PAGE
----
The sounds of contractual obligation

Phil Ford

According to the traffic stats, nobody’s reading. Well, not nobody,  but a lot fewer people than during the academic year. It’s summertime and the living is easy. And it’s also just after professors and students alike have heaved themselves across the end-of-term finish line and are now trying their best to forget the very existence of their academic disciplines. So demand for musicology blogging is at its yearly low. I’m not feeling too motivated here, to be honest. And however much I’m phoning it in right now, it’ll be a lot worse after June 14, when we move.

You know who else phoned it in, once? Van Morrison. He was still under contract at a small record company when his career started taking off. He owed the label one more record, so he apparently knocked off thirty-one unreleasable songs at a single sitting. The songs are about whatever was going through Van Morrison’s mind at the time. Like, for example, wanting a Danish.

The other day I complained about how moving forces you to confront all your failed acts of consumption. But you know what’s worse? Going through your kids’ toys and realizing how many they’ve grown out of, and then having to get rid of them. (The toys, that is.) I got all choked up going to Goodwill this weekend and handing over the little Fisher-Price schoolbus they played with when they were toddlers. Damn.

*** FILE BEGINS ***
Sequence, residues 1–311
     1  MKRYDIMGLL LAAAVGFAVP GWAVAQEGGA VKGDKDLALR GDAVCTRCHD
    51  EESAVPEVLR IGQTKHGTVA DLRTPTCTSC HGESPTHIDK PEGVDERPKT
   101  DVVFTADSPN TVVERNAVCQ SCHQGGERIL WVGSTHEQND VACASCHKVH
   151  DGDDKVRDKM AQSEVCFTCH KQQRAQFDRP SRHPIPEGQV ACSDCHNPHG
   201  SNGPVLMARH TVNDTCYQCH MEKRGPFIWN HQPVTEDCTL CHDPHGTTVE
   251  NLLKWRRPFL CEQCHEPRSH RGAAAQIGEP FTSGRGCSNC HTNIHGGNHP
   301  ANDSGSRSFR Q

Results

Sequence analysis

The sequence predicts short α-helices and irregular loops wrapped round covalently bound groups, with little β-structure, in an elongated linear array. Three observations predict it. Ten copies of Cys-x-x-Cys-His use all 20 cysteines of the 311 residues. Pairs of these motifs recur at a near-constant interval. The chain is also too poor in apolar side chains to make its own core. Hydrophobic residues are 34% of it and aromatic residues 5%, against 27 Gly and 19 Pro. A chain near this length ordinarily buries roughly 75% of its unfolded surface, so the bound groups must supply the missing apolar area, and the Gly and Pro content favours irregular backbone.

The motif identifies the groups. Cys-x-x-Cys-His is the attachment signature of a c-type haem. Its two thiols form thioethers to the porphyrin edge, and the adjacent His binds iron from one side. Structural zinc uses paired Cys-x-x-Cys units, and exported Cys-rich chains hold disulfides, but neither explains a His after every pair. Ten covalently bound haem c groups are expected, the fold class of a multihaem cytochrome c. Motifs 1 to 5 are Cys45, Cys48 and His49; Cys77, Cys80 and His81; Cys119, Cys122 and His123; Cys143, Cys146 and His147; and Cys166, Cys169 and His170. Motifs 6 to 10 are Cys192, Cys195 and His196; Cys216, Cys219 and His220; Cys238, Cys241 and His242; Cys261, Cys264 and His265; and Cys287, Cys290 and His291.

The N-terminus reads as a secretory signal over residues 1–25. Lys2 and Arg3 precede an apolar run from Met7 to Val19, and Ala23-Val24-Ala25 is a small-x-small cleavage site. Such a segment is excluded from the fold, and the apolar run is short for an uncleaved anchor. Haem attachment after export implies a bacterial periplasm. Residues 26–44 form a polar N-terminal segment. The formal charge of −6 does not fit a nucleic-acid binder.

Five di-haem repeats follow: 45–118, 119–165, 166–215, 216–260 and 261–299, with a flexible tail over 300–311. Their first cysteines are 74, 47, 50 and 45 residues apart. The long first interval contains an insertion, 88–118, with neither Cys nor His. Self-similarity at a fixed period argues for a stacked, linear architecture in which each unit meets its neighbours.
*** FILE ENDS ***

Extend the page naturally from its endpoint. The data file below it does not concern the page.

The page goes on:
Still here?

I don’t think I really ever managed to become a convincing Texan in the time I lived in Austin. I did, however, invent a drink that is sort of plausibly Texan. I originally called it “Blood of a Cowboy Poet,” in honor of Cocteau’s Sang d’un poète*, but my son spontaneously renamed it “The Bloody Cowboy,” which is actually a much better name. Anyway, the recipe:

The Bloody Cowboy:

Mix together 4 oz port wine, 2 oz medium rum, and the juice of 1 fresh-squeezed lime. Pour over ice. Enjoy.

Since nothing else seems to be going on, I invite my friends in the blogosphere (fellow bloggers, comment posters, and lurkers) to contribute drink recipes they’ve invented. Post them on your blogs, in the comments section, or you can inaugurate my new email address: fordp at indiana dot edu. Any drink that is not obviously a prank or a dare will be kitchen-tested and reviewed at Dial M as time and my bar budget permits. If I get enough entries maybe we can make a musicology mixed drink recipe book, sort of like The Ethnomusicologists Cookbook. That alone would justify the existence of this blog.

*this is why I didn’t cut it as a Texan

About Phil Ford

Chairman of the Committee for the Memorial to the Victims of Modernism
This entry was posted in Food. Bookmark the permalink.

14 Responses to The sounds of contractual obligation

  1. -- says:

    Not sure how common this is in the drink-making world but The Jazz Kitchen in Indianapolis makes a Port Authority.
    a few ice cubes
    half port
    half bourbon
    splash of bitters
    Obviously it is a twist on a Manhattan with port instead of vermouth. Again, this may be a common drink to everyone out there, but it was new to me. Everyone I have asked has never heard of it…maybe I live a sheltered life.

  2. Greg says:

    [A certain well-known scholar of Italian opera who will remain nameless] has been known to serve “The Donizetti” at parties: pear nectar and Prosecco.

  3. I recently discovered Añejo tequila, which is sometimes aged in barrels that were originally used for bourbon whiskey (this is what makes the tequila darker). So I make a whiskey margarita:
    4 parts Añejo tequila
    1 part Cointreau or other orange liqueur
    1 part single barrel bourbon
    1 part lime juice
    Agave syrup to taste
    I’m still experimenting with the proportions, but it makes a nice end-of-the-day cocktail.